The PI3K/Akt pathway is pivotal for cellular homeostasis, neurological development, metabolism, and other processes. It regulates various aspects of cellular development such as apoptosis, cell cycle progression, and cell differentiation.
The key regulator of the PI3K/Akt pathway is Akt/PKB, a family of three closely related serine/threonine-protein kinases. Akt1/PKB alpha plays an important role in cell proliferation and cell metabolism. Akt2/PKB beta is of great significance for glucose metabolism. Akt3/PKB gamma is the least characterized member of the Akt family but it is mainly expressed in the brain where it is thought to regulate mitochondrial biogenesis.
Mutations in Akt contribute oftentimes to deregulation of these processes and the emergence of various forms of cancer. Akt hyperactivation also leads to increased glycolysis, thus supporting the metabolic transformation of cancer cells. Akt has been implicated in the development of cancer drug resistance and is therefore subject of preclinical and clinical research. However, Akt activation alone is usually not sufficient and other mutations are generally necessary to create the cancer phenotype.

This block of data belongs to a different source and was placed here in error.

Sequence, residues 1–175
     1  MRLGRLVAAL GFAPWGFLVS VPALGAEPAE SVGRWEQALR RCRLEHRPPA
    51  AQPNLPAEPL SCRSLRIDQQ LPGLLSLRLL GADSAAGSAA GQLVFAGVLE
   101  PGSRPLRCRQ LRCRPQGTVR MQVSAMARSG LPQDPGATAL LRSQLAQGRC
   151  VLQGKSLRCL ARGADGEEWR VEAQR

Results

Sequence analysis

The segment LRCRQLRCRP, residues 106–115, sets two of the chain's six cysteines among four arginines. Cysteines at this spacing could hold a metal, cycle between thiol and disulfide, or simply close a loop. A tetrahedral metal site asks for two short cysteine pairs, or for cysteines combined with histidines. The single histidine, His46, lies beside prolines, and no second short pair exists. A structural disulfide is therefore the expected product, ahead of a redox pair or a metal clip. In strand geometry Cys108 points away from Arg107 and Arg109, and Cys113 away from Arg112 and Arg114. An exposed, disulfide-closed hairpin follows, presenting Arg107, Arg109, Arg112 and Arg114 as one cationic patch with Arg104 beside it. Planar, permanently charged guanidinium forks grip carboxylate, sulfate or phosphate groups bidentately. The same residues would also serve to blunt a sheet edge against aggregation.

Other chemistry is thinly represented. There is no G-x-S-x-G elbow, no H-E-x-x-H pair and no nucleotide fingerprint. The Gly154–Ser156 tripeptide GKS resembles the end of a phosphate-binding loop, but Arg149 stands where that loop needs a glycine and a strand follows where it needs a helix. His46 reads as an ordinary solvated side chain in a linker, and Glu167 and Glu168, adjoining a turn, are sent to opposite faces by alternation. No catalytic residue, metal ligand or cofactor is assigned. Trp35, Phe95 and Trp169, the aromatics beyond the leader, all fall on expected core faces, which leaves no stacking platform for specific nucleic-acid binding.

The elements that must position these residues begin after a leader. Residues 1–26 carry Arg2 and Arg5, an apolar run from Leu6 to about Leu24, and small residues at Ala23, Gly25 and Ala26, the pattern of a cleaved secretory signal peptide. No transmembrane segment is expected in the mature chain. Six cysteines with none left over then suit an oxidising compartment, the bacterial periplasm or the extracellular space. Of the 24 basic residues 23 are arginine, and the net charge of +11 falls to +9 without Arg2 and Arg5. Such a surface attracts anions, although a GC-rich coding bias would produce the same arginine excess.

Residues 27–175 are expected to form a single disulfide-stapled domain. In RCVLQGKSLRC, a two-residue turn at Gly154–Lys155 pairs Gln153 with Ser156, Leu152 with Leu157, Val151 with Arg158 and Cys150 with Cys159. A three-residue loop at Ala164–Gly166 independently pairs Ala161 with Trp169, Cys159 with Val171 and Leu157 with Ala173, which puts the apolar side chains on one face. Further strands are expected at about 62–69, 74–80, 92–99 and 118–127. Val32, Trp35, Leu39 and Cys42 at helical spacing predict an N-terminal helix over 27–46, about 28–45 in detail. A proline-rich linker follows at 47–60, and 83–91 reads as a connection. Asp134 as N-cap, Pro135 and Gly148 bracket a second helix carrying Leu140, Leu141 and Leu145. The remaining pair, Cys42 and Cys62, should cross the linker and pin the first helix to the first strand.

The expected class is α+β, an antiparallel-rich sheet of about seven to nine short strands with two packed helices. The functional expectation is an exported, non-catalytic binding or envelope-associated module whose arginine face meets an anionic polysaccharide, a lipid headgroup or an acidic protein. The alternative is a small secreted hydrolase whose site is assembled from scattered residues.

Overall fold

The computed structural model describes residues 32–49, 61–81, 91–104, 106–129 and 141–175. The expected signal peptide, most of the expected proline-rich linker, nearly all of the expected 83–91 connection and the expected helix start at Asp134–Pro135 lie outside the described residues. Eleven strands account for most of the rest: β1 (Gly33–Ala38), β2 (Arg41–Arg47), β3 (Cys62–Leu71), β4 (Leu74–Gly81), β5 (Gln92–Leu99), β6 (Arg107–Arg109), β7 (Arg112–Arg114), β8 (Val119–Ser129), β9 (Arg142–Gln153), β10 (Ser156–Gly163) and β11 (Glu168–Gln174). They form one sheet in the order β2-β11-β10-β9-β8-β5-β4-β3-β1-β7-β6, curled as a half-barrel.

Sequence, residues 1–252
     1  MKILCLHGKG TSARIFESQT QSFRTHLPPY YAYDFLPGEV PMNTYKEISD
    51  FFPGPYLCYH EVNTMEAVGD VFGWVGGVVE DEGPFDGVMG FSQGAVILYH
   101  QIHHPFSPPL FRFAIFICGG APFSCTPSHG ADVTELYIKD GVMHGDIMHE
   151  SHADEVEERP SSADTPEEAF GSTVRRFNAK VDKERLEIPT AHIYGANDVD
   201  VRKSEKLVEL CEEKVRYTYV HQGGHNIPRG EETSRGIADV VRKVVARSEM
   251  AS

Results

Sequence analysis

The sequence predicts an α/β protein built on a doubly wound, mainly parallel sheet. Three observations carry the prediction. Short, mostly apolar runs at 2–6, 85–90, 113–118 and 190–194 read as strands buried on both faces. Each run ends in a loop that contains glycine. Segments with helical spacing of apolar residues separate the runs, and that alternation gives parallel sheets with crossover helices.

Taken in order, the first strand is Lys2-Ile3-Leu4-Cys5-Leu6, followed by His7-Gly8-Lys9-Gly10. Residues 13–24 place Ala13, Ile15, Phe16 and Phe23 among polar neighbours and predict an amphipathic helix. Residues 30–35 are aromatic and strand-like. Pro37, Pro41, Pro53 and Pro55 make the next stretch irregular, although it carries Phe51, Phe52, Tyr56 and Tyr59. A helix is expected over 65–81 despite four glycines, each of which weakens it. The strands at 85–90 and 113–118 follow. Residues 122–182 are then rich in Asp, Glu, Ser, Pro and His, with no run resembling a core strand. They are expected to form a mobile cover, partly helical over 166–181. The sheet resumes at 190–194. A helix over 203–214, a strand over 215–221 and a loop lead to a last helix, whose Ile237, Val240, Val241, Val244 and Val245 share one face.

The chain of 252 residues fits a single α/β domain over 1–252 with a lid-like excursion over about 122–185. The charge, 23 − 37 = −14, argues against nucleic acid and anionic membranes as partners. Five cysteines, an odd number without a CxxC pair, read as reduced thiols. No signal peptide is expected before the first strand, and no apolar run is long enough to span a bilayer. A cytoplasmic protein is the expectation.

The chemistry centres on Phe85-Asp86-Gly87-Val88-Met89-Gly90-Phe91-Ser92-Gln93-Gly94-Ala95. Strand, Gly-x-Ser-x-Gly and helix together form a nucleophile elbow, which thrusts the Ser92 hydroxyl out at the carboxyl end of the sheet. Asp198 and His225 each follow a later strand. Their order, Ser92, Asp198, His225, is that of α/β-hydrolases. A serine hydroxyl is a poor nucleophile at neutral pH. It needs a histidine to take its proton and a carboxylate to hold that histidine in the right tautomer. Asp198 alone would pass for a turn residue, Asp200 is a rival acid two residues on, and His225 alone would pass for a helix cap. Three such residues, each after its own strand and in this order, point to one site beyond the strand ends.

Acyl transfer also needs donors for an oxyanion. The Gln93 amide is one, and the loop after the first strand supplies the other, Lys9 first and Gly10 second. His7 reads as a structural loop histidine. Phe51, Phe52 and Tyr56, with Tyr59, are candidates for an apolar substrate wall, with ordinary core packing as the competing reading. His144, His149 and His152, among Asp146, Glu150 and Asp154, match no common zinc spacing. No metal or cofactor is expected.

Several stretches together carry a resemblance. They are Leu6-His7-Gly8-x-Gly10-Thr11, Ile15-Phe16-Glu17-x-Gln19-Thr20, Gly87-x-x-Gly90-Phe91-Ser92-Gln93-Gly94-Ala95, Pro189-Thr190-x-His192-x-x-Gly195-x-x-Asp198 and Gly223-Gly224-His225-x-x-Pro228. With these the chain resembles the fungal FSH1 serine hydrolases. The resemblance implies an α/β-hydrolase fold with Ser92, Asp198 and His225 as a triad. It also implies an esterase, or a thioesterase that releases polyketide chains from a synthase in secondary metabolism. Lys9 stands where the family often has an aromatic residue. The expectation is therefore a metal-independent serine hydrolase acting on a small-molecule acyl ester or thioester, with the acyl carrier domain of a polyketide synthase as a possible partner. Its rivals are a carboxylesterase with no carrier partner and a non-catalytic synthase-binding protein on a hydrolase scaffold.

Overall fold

Loss of function of the major Akt regulators PI3K and PTEN can lead to hyperactivation of Akt. PI3Ks are an enzyme family that phosphorylate PtdIns (Phosphatidylinositol) to generate phosphatidylinositol 3,4,5-trisphosphate (PIP3). Upon activation by receptor tyrosine kinase PI3K phosphorylates PIP2 to PIP3 which then activates Akt signaling. PTEN acts as a negative regulator of the signal transduction by dephosphorylation of PIP3 to PIP2.